Inverse Square Attraction

Imagine two point-like particles experiencing mutual attraction.


The masses of the two particles are m_1 and m_2, and their respective positions are \bold{r}_1 and \bold{r}_2.

Suppose the force on particle 1 due to particle 2 is

\displaystyle \bold{F}_{12}=-\frac{\alpha(\bold{r}_1-\bold{r}_2)}{|\bold{r}_1-\bold{r}_2|^3}

and, from Newton’s third law, the force on particle 2 due to particle 1 is

\displaystyle \bold{F}_{21}=-\bold{F}_{12}=\frac{\alpha(\bold{r}_1-\bold{r}_2)}{|\bold{r}_1-\bold{r}_2|^3}

where \alpha is a positive constant. A force of this form is said to obey an inverse square law, since

\displaystyle |\bold{F}_{ij}|\propto\frac{1}{|\bold{r}_i-\bold{r}_j|^2}

Two familiar examples of forces that take this form are gravitation between masses and the electrostatic force between opposite charges.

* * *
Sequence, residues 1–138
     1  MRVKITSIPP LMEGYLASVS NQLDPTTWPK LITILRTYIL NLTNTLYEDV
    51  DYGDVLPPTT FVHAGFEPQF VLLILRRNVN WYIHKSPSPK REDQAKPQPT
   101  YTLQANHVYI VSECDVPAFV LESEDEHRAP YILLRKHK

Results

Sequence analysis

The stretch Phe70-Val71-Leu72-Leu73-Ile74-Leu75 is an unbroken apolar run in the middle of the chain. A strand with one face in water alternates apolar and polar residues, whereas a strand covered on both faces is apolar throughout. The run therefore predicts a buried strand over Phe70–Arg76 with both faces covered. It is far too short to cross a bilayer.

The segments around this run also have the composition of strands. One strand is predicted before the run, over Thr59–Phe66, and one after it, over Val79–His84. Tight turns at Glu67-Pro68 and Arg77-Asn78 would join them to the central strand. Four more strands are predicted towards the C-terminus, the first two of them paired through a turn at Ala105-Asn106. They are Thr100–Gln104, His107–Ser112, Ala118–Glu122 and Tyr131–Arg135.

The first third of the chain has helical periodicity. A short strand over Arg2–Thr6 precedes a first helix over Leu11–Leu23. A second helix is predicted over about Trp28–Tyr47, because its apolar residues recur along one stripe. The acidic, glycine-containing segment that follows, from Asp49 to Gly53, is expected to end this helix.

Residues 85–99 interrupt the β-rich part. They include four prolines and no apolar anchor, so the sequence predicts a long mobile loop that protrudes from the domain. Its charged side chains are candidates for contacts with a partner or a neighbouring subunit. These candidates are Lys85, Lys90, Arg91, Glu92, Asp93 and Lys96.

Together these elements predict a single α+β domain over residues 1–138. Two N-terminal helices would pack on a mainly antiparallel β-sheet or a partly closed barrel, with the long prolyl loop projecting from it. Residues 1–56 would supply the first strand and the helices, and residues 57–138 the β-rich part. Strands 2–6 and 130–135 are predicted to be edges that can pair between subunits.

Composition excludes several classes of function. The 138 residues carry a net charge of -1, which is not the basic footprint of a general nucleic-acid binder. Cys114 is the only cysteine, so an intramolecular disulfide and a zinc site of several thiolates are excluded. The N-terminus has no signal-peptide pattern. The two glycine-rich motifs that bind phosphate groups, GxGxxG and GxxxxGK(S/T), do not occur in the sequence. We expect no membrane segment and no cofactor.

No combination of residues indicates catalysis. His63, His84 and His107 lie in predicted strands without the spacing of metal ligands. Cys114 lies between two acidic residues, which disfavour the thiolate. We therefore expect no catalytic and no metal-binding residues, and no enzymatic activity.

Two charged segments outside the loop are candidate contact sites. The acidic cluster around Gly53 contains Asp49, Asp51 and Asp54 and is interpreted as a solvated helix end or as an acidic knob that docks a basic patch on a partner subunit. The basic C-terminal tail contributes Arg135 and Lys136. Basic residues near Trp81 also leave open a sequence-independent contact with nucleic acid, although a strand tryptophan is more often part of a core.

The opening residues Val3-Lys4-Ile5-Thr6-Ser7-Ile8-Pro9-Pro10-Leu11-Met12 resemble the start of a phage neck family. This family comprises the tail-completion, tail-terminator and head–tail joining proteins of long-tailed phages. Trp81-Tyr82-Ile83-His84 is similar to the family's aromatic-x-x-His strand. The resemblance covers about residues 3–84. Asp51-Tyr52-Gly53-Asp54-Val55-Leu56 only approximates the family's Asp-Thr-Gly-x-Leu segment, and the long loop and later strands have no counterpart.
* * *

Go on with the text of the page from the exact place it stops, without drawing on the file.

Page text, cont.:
First we’ll answer the question: what is the equation of motion governing the particles’ separation?


From Newton’s second law,



where \ddot{x} denotes the second derivative of x with respect to time. By equating these expressions for the forces with those above, we can say that

\displaystyle \ddot{\bold{r}}_1=-\frac{\alpha}{m_1}\frac{\bold{r}_1-\bold{r}_2}{|\bold{r}_1-\bold{r}_2|^3}

\displaystyle \ddot{\bold{r}}_2=\frac{\alpha}{m_2}\frac{\bold{r}_1-\bold{r}_2}{|\bold{r}_1-\bold{r}_2|^3}


\displaystyle \ddot{\bold{r}}_1-\ddot{\bold{r}}_2=-\alpha\Bigg(\frac{1}{m_1}+\frac{1}{m_2}\Bigg)\frac{\bold{r}_1-\bold{r}_2}{|\bold{r}_1-\bold{r}_2|^3}

This equation can be tidied up by defining the separation vector \bold{r} as


and the system’s reduced mass \mu through

\displaystyle \frac{1}{\mu}=\frac{1}{m_1}+\frac{1}{m_2}


\displaystyle \ddot{\bold{r}}=-\frac{\alpha}{\mu}\frac{\bold{r}}{|\bold{r}|^3}

Force convenience we define


where r=|\bold{r}| is the physical distance between the two masses and \hat{\bold{r}} is a vector of unit magnitude which is parallel to \bold{r}. This simplifies the equation of motion to

\displaystyle \ddot{r}\hat{\bold{r}}=-\frac{\alpha}{\mu}\frac{\hat{\bold{r}}}{r^2}